The senate has asked Isaac Adeowole, minister of health, to get emergency vaccines in the event of a case of Ebola in the country.
The resolution of the upper legislative chamber was sequel to a motion sponsored by Oluremi Tinubu, senator representing Lagos central.
Moving the motion on the floor of the senate on Tuesday, Tinubu cited a report that of the World Health Organisation (WHO) which said “Nigeria and other African countries are at modest risk of spread.”
“The senate recalls with great distress that an infected immigrant who arrived Nigeria on the 23rd of July was the index case of the ebola virus in Nigeria. With varying symptoms ranging from fever to diarrhoea, there were a total of 869 contacts and 20 laboratory confirmed cases were recorded,” she said.
“The senate is be reminded that the tide was stemmed by quick response of the Nigerian government vid declaration of emergency, collaboration of federal and states ministries of health, use of incidence management approach, identification and follow up contacts.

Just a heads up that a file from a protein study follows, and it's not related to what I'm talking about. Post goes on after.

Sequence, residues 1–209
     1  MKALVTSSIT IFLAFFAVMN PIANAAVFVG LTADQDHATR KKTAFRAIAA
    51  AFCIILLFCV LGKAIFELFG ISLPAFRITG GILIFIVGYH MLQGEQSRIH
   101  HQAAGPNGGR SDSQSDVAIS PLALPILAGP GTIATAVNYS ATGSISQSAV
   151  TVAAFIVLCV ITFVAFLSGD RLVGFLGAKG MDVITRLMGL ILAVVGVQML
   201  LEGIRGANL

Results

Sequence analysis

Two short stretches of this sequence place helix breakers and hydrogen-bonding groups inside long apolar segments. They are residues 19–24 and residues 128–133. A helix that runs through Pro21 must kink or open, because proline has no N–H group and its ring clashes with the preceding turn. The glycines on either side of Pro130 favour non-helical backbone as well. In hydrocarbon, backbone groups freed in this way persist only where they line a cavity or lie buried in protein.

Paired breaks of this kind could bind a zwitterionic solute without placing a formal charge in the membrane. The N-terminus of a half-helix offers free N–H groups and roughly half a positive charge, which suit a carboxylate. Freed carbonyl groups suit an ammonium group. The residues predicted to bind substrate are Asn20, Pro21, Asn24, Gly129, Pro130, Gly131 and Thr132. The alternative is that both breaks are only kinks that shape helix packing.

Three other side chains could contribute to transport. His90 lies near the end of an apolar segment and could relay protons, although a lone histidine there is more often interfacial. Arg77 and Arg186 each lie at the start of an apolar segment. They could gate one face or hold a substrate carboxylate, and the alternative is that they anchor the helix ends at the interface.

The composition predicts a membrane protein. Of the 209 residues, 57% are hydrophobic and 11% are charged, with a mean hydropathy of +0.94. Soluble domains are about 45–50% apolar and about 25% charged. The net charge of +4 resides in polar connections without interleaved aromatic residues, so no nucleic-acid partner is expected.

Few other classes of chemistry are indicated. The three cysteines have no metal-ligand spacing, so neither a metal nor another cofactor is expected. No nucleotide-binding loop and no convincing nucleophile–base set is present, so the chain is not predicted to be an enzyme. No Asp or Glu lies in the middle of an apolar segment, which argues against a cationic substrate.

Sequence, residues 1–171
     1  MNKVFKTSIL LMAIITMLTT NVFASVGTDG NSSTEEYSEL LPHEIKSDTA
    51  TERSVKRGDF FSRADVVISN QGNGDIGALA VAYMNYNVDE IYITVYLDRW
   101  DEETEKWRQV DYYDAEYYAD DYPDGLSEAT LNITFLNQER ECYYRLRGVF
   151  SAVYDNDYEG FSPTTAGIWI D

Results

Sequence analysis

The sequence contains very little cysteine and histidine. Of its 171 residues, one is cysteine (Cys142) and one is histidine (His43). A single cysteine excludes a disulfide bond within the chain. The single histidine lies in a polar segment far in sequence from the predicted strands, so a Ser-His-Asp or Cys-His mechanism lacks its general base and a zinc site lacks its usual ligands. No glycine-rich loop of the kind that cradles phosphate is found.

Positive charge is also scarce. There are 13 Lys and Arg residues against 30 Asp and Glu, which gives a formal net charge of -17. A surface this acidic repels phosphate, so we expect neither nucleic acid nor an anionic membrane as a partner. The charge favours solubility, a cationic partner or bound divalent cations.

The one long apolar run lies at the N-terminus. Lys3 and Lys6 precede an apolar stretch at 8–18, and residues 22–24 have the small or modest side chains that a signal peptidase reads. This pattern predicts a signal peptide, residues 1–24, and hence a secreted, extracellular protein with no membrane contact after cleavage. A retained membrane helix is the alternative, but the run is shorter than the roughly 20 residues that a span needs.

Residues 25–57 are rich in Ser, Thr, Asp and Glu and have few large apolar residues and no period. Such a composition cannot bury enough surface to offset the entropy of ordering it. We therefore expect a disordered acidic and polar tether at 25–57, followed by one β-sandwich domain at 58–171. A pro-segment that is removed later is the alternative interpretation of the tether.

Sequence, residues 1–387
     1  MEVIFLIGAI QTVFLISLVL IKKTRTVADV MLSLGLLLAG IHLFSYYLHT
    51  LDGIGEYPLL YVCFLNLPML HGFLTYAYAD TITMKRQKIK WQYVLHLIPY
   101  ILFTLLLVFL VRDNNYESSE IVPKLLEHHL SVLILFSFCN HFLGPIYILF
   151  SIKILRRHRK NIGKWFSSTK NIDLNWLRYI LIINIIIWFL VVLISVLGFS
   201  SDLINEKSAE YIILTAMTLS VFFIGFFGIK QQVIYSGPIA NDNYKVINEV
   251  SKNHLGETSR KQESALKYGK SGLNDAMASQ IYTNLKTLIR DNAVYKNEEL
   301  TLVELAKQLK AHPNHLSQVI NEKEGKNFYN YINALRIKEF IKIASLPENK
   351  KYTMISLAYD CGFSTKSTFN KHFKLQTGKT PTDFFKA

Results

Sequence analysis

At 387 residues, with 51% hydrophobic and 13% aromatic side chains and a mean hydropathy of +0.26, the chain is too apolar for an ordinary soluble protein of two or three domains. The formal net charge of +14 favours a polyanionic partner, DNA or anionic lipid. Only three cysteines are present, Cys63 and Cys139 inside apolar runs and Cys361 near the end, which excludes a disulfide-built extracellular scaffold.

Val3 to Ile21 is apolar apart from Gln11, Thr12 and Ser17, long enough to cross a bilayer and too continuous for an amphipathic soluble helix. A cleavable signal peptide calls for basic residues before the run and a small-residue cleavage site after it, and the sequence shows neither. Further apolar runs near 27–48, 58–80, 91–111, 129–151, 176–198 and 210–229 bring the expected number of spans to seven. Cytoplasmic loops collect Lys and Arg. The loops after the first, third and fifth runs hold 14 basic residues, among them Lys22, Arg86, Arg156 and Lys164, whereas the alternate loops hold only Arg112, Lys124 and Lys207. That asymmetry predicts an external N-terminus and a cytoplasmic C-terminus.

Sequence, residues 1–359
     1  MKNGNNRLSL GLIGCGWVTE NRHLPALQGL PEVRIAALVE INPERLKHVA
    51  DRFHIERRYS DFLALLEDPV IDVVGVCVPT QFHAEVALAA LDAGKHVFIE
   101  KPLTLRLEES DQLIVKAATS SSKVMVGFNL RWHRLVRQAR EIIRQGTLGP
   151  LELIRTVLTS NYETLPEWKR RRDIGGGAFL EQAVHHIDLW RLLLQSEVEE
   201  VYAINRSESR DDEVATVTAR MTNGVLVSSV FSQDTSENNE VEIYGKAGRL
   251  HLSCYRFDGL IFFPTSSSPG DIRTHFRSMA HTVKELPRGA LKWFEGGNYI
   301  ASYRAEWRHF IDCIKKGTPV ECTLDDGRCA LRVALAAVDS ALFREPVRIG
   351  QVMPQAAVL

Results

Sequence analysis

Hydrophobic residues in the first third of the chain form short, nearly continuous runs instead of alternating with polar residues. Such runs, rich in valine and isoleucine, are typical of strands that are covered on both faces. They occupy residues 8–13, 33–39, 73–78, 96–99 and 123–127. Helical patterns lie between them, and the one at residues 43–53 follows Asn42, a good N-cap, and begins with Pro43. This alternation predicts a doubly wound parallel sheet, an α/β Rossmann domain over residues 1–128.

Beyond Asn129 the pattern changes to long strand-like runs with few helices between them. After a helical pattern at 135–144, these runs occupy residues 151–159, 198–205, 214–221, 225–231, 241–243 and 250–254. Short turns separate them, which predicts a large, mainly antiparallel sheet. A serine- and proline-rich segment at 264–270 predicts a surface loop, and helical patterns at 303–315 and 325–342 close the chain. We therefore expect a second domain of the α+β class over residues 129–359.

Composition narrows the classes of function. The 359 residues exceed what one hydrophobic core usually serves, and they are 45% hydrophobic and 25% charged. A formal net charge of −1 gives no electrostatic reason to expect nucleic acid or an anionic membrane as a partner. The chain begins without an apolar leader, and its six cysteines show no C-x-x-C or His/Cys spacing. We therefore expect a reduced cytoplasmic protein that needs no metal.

“In spite of quick measures taken, the epidemic claimed eight lives including those of medical personnel who put their lives at risk to contain the disease.
“Recent reports of media outlets and the World Health Organisation show that the disease is back in neighbouring Democratic Republic of Congo with 19 dead and 39 casualties recorded so far. The DRC, 445 kilometres by air from Abuja, is easily accessible via a flight from Lagos that takes less than three hours.
“Unless we prepare our hospitals properly equipped with the ebola vaccine where necessary, this is an epidemic we might be unable to take up and will only cause untold hardship.”
The senator said if nothing is done given the country’s population “we may well be on our way to creating a global situation.”
The motion was adopted by the upper legislative chamber after it was put to a voice vote by Senate President Bukola Saraki.
Last week, the federal government directed the ministry of health to step up surveillance at all entry points in the country to prevent the return of Ebola.